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Illustrator highlights art gallery favourite


By David Porter


Aberdeen Art Gallery's reopening to the saw more than 5500 eager art enthusiasts make their way through the doors of the historic venue in its opening weekend.

The Aberdeen City Council project, designed by Hoskins Architects and exhibition designers Studioarc, has dramatically increased the amount of display space for the nationally recognised collection, with the number of galleries increasing from 11 to 19, with a further three galleries presenting a programme of regularly changing special exhibitions.

Amongst those joining the visitors was renowned north-east illustrator Johanna Basford, whose adult colouring books have taken the art world by storm.

She spoke to Grampian Online explaining her love for one of the most famous work in gallery which has in its time travelled round the world in exhibitions.

One of the key works by the Glasgow Boys, To Pastures New (1883) by Sir James Guthrie (1859-1930) was presented to the city in 1888 by Francis Edmond.

The work is oil on canvas and Crowland in Linconshire is the actual location of the painting which shows a long flat landscape which is combined with low perspective to give a monumental frieze akin to Greek temple.

Both the Glasgow Boys and French realists take the working man and child as paragons of virtues of hard work and labour – not glamourous and sacharine like most Victorian art.

Explaining the attraction of the work Johanna Basford said: “My favourite work has to be To Pastures New but it's better known as the Goose Girl, this is the painting that I remember coming to see when I visited the gallery with my granny.

“We would sit and my granny would encourage me to sit and draw and sketch it, it's the image that I remember the most and she used to ask me “where do you think they are going, where have they been, why is she on her own, why does she have the stick”, all those kind of things.

“What catches my eye is that there is a story to it

“A portrait is a picture of a person and you are quite used to seeing that but this one there is definietly a narrative there and I think my imagination as a child would always question what was the story behind the picture.

“A big storm with a boat sinking is quite dismal, this one always seemed a little bit more whimsical and I guess there were a variety of outcomes, all quite nice – they have had lunch, they are off to market.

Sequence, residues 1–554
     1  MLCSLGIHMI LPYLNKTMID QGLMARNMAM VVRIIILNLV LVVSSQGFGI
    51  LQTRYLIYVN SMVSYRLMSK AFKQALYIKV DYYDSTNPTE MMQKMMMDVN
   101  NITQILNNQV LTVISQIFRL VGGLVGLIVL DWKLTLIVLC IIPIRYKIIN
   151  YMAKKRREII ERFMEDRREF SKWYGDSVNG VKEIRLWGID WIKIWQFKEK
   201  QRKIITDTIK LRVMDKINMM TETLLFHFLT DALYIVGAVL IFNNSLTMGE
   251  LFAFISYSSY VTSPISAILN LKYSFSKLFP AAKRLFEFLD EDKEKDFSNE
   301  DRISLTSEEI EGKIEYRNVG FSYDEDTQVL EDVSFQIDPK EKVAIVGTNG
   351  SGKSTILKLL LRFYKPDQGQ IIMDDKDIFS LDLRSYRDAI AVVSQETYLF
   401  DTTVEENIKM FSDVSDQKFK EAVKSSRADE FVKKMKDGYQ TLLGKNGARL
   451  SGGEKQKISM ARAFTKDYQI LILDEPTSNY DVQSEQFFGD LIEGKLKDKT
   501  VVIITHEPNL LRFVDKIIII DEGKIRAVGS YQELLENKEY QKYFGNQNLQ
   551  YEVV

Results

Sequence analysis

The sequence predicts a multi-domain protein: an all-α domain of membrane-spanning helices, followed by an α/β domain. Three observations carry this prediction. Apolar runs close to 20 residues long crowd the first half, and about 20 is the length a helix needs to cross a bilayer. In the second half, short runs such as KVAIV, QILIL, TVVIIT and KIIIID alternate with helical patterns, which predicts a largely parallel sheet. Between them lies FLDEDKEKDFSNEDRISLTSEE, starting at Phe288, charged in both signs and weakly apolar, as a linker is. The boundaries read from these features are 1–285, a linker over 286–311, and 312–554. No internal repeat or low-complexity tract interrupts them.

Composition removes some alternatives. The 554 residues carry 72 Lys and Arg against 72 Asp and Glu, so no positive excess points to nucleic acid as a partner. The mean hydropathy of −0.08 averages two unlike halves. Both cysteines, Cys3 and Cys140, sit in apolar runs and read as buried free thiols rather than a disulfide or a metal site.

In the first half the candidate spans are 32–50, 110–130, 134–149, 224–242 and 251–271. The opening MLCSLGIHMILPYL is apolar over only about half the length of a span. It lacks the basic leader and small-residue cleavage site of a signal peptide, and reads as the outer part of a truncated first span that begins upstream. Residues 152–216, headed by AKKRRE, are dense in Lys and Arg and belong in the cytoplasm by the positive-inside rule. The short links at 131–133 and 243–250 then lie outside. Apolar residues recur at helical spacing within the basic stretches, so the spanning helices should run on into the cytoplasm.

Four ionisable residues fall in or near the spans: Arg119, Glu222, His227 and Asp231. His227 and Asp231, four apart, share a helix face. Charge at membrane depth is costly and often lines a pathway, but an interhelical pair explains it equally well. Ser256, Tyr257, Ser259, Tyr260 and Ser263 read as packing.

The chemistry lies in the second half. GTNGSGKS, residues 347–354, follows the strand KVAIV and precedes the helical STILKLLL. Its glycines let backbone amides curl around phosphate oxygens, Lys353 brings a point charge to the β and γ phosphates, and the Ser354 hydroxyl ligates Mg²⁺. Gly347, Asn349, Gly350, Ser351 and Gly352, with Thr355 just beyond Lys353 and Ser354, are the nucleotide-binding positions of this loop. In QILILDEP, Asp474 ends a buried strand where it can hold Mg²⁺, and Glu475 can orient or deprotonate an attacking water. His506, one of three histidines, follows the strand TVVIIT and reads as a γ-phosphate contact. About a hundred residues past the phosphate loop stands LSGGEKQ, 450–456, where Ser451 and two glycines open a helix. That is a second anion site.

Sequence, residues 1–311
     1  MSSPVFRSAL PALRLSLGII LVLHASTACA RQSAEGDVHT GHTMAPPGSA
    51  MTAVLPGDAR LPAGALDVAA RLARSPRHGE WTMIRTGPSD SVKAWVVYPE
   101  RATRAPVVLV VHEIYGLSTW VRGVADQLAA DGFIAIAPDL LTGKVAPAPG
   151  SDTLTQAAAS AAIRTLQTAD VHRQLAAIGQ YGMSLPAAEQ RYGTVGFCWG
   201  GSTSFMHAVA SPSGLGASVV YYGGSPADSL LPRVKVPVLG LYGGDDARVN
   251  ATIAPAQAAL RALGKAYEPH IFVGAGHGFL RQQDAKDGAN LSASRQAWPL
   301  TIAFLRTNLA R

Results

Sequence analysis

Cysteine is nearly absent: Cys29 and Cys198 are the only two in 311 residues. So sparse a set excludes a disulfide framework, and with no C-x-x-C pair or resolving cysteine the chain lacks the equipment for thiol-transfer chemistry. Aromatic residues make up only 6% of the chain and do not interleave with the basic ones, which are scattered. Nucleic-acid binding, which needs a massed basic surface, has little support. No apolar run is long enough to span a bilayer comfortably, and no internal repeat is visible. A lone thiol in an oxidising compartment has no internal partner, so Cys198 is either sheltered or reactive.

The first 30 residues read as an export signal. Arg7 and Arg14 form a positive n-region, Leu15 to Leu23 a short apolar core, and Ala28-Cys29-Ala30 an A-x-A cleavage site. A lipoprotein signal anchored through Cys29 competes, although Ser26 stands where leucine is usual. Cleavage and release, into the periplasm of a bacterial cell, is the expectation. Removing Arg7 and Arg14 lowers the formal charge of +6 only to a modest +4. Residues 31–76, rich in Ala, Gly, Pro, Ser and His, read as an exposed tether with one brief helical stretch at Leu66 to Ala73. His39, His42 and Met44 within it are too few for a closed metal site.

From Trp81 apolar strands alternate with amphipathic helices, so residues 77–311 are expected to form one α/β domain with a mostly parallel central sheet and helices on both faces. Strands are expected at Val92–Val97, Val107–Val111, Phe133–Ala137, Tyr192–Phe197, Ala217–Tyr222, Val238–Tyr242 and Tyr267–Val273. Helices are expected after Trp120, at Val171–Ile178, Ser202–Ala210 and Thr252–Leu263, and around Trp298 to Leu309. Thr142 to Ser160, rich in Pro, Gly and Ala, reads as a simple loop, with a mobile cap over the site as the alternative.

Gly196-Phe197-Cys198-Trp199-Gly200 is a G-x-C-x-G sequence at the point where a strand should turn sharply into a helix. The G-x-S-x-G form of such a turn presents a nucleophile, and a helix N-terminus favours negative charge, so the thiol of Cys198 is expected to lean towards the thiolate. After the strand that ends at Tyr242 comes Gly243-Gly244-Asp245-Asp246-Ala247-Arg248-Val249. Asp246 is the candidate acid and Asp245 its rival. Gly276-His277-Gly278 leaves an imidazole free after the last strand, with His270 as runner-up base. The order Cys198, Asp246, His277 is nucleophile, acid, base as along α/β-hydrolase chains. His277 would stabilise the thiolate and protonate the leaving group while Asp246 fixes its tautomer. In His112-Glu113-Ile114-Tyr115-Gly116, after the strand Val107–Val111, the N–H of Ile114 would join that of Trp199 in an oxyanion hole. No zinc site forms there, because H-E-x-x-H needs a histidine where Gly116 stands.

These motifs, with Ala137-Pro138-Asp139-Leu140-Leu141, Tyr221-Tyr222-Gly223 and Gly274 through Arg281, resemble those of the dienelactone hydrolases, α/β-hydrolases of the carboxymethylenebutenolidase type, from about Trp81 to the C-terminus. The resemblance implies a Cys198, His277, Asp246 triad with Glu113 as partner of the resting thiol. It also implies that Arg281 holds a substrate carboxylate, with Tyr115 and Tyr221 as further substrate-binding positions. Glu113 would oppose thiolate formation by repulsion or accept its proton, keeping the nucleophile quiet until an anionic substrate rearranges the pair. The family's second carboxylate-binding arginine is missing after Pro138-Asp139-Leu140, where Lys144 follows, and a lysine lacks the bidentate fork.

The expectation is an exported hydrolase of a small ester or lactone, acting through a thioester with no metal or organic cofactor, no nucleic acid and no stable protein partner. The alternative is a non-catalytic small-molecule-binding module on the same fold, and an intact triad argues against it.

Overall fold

“Any painting with animals is going to draw kids in an this is a nice one.

She noted: “I dont know if the frame has been changed on this since I was little but as a kid I always loved the ornate frames and would spend just as long looking at them in detail.

“That perhaps ties into what I do now and the intricate nature of some of it.

“I still see creativity and drawing as a way of telling a story and for me these days, my job is to draw the start of the story, like a giant game of consequences and its for other people to finish my stories – it all has a thread thatties together.

“The seed was planted when I was seeing these pictures when I was younger.

She added: “Looking ahead have actually started recently scaling up my work and looking at different ways, I am always encouraging people to be bold and not in their comfort zones with creativity so it seemed a bit poor for me to stay in that small niche myself, so tackling more ambitious projects, especially when you see other peoples work, gives you ideas of whats possible and if you don't look at other stuff outwith your own tiny field you tend to have a narrow career.

“Coming next is large scale – taking my work which is intricate and scaling it up and see how that works when I draw really big.”

To Pastures New 1883 by Sir James Guthrie can be found in Gallery one on the ground floor of Aberdeen Art Gallery.



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